But the White Stuff is not as innocent as it looks. In fact, its cool clean exterior masks a multitude of sins.
Milk has hit the headlines recently in a battle between farmers and the processors which are imposing cuts to the price paid to farmers for milk. This is leading to farm gate prices which are less than the cost of producing the milk. This is not a new fight. For several years the large powerful dairies, such as Robert Wiseman (now owned by Müller), have put downward pressure on the farm gate price of milk. This in turn has driven “efficiency” measures in the farming sector, i.e. industrialisation of the process. About ten years ago I spoke with a farmer planning to build a huge shed so that his cattle could be kept indoors all year round. This was, he said, due to pressure to cut costs. It was necessary of his farm was to remain sustainable. The surrounding pasture that the cattle had grazed for generations would be used to produce their feed which would be supplemented with commercial cattle fodder. I’m sure he wasn’t alone in this change but to me it seemed crazy – taking the cattle away from the grass so that someone can cut the grass and feed it to the cattle and at the other end, the muck would be cleared from the shed and, presumably spread on the field as fertiliser.
What are the issues with milk?
Milk has a surprisingly large carbon footprint. Apart from the extra energy required to house the cattle indoors, feed them and clean up after them, cattle generate a lot of methane. Methane is a much more potent warming gas than carbon dioxide. Even though it breaks down in the atmosphere much more quickly, it is estimated to have around twenty five times the global warming effect per kilogram than carbon dioxide. Perhaps if this could be captured at a sufficient concentration it could be combusted releasing energy and reducing its warming effect.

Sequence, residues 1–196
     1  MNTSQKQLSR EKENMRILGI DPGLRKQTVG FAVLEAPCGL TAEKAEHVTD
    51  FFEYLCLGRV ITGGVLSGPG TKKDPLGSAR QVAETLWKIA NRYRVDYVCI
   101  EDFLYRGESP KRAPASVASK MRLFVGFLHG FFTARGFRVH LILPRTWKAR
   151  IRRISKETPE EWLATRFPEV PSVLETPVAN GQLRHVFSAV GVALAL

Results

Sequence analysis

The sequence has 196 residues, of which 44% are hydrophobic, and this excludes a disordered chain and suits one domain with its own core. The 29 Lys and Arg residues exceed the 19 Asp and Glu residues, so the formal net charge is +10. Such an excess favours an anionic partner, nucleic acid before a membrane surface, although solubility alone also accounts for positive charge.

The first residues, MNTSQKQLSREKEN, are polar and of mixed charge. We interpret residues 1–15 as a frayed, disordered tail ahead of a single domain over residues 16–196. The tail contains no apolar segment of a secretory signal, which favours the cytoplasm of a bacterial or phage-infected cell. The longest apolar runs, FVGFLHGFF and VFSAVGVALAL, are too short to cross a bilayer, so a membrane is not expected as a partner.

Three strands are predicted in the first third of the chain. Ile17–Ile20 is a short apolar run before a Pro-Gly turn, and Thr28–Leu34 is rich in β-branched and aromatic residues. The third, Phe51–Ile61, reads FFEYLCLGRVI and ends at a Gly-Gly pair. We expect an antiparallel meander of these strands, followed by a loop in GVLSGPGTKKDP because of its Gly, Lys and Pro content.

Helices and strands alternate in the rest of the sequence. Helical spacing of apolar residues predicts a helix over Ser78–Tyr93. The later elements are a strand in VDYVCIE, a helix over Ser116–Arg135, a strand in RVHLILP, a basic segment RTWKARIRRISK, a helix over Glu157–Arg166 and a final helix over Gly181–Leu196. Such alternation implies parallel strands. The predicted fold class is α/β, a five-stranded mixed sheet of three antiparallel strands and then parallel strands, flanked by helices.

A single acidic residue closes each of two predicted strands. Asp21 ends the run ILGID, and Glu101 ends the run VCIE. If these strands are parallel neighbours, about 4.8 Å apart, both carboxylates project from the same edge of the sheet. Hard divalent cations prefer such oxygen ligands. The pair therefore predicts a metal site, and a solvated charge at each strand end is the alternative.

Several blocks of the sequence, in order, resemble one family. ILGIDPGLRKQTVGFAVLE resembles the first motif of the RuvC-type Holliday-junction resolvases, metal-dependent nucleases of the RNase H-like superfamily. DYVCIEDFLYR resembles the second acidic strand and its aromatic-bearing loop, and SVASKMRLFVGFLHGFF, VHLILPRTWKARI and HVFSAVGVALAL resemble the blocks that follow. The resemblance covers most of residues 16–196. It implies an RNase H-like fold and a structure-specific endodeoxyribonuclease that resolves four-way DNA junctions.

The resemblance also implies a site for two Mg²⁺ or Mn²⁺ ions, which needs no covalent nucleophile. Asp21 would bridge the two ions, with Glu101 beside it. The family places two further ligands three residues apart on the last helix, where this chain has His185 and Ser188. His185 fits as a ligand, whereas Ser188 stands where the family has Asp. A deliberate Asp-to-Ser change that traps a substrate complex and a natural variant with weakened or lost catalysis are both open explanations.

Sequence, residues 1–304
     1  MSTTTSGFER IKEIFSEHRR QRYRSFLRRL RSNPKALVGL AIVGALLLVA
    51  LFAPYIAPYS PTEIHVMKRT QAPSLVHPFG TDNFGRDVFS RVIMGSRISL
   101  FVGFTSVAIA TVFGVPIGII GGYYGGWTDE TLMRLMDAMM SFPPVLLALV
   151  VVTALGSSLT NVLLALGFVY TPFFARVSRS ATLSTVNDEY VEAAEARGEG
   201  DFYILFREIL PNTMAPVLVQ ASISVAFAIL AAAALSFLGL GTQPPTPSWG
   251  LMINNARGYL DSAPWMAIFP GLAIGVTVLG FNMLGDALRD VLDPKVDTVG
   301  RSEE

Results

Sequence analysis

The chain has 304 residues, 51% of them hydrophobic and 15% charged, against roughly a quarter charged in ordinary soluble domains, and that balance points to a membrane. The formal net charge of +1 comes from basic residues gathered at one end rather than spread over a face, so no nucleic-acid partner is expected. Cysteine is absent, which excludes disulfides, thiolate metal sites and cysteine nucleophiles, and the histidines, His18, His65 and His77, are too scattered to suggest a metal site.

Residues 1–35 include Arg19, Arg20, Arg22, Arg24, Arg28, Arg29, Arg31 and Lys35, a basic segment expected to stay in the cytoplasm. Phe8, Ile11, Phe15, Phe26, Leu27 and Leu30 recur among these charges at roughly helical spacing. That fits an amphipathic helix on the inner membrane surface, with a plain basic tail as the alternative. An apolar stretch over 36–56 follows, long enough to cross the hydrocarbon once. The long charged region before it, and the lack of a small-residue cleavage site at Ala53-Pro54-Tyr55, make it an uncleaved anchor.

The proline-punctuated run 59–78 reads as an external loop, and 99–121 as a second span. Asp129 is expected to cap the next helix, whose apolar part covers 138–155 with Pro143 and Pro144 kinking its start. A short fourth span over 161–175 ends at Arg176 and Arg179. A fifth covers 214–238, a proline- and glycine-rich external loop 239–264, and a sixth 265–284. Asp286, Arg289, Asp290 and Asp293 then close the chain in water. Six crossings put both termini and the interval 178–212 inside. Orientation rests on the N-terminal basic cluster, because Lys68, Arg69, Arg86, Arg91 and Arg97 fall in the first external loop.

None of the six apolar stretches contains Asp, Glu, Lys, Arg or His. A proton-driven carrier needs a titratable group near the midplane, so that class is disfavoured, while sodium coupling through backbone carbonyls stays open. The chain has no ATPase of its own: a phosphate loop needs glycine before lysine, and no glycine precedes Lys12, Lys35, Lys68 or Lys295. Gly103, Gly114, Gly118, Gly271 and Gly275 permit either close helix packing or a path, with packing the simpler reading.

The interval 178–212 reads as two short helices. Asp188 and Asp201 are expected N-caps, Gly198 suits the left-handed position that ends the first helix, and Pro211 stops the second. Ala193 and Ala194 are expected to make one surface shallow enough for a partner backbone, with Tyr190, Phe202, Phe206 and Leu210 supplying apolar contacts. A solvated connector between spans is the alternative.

To put the carbon footprint of milk into some kind of context, consider a cup of tea. The biggest part of the carbon footprint of a cup of tea is not growing the tea in India or Sri Lanka, harvesting the leaves, drying them, shipping them halfway around the world (think of those food miles), packaging them, distributing them to shops and selling them. No. That is responsible only for a small fraction of the carbon footprint of the cup of tea. Nor is it boiling up just enough tap water to brew our tea. The big hit is when we add a dash of milk, which comprises about 60% of the carbon footprint of the cup of tea. Of course, we could take out tea black or try alternatives such as mint, camomile or hibiscus teas which don’t need mil.
A 250ml glass of milk, just under half a pint, has a similar carbon footprint as leaving the television on standby for a week.
For obvious reasons, male calves are not much use to the dairy farmer. In the bad old days, these calves were reared in crates then exported live to Europe where they would be slaughtered for veal. Thanks to a very successful and emotive campaign several years ago, this practice has been stopped. Now the male calves are shot within a day or two of birth and sent to landfill.